Sewed overcoats of special woolen cloth, which had excellent thermal insulation properties - in field conditions, the soldiers wrapped themselves in it, like in a blanket. Modern lovers who are reconstructing historical military events have also tried: they say that it is not cold, especially if we take in front of this “front” one hundred grams. The cloth is very durable, even in fire it does not burn: for example, if a spark from a fire hit, it will not flare up, but will slowly smolder.
A good example of the fact that the overcoat deserved love among the soldiers is the appearance of anecdotes, fairy tales and fables with her participation. Here is one of the stories:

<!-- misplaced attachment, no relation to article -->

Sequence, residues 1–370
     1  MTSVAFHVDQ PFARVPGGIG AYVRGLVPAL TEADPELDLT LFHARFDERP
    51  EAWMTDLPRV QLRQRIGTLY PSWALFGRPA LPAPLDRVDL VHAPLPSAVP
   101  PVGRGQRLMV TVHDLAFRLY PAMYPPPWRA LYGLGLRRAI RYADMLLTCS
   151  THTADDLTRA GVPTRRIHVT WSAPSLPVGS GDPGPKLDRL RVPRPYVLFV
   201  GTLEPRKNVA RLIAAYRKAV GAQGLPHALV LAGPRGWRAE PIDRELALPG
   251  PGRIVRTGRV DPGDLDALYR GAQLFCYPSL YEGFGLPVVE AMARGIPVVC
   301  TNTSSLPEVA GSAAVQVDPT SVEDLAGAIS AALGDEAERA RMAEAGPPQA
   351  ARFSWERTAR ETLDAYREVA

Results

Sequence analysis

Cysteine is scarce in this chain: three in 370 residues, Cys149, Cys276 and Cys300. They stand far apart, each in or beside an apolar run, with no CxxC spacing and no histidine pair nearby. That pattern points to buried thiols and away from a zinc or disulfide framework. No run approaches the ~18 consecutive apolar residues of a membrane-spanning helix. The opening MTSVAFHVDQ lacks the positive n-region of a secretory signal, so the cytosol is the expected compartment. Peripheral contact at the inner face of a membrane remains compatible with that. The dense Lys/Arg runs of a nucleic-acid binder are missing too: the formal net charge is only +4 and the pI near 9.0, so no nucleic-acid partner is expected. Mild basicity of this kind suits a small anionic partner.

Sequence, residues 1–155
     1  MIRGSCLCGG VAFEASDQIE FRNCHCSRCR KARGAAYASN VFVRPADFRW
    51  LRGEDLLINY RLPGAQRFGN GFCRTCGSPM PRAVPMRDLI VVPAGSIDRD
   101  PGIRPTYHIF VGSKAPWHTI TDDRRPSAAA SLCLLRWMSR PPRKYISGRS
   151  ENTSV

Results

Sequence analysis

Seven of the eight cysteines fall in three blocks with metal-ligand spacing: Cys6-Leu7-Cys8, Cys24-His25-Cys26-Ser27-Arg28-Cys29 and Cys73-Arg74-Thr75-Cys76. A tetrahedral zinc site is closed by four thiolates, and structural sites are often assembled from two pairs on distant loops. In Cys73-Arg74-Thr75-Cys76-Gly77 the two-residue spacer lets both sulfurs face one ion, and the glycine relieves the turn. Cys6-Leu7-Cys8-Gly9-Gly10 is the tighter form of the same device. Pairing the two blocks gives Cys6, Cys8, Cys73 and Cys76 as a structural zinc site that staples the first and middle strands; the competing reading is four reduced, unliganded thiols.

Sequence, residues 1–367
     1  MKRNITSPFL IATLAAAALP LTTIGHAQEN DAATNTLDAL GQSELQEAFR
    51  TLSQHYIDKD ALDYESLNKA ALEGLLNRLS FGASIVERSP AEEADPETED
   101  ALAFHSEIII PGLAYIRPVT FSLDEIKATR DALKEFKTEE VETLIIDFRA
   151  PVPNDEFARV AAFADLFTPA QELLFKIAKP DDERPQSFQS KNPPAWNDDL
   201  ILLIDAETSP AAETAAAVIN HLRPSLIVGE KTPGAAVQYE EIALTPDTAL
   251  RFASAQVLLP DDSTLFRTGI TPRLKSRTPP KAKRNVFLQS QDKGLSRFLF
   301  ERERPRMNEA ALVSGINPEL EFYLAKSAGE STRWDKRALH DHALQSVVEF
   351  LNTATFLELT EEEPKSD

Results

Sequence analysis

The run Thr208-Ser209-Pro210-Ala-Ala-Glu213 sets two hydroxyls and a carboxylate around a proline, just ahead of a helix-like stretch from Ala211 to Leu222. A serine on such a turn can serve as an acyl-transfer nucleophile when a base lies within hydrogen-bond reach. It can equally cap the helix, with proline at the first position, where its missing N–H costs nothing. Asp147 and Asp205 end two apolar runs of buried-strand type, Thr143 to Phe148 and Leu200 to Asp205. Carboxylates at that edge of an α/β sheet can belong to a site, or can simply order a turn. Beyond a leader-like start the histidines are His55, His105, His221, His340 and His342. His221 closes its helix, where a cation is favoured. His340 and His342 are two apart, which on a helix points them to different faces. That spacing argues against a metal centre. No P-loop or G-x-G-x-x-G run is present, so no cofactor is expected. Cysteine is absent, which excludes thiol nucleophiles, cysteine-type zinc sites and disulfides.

The master spoke with the soldier. The soldier began to praise his overcoat: "When I need to sleep, I will put on my overcoat, and put on my overcoat in my head, and cover myself with my overcoat." The master began to ask the soldier to sell his overcoat. Here they are for twenty-five rubles bargained. The master came home and said to his wife: “What kind of thing I bought! Now I don’t need any feather beds, no pillows, no blankets: I put the overcoat on my bed and put on my overcoat in my head and put on my overcoat. ” His wife began to scold him: “Well, how are you going to sleep?” And for sure, the lord laid down his overcoat, but there was nothing to put on and put on in their heads, and he was hard to lie on. The master went to the regimental commander to complain about the soldier. The commander ordered to call a soldier. They brought a soldier. “What are you, brother,” says the commander, “deceived the gentleman?” “No, no, your honor,” the soldier replies. He took the soldier's overcoat, spread it, put his head on his sleeve, and covered himself with a hollow. “How good it is,” he says, “on the overcoat after a hike I sleep!” The regimental commander praised the soldier.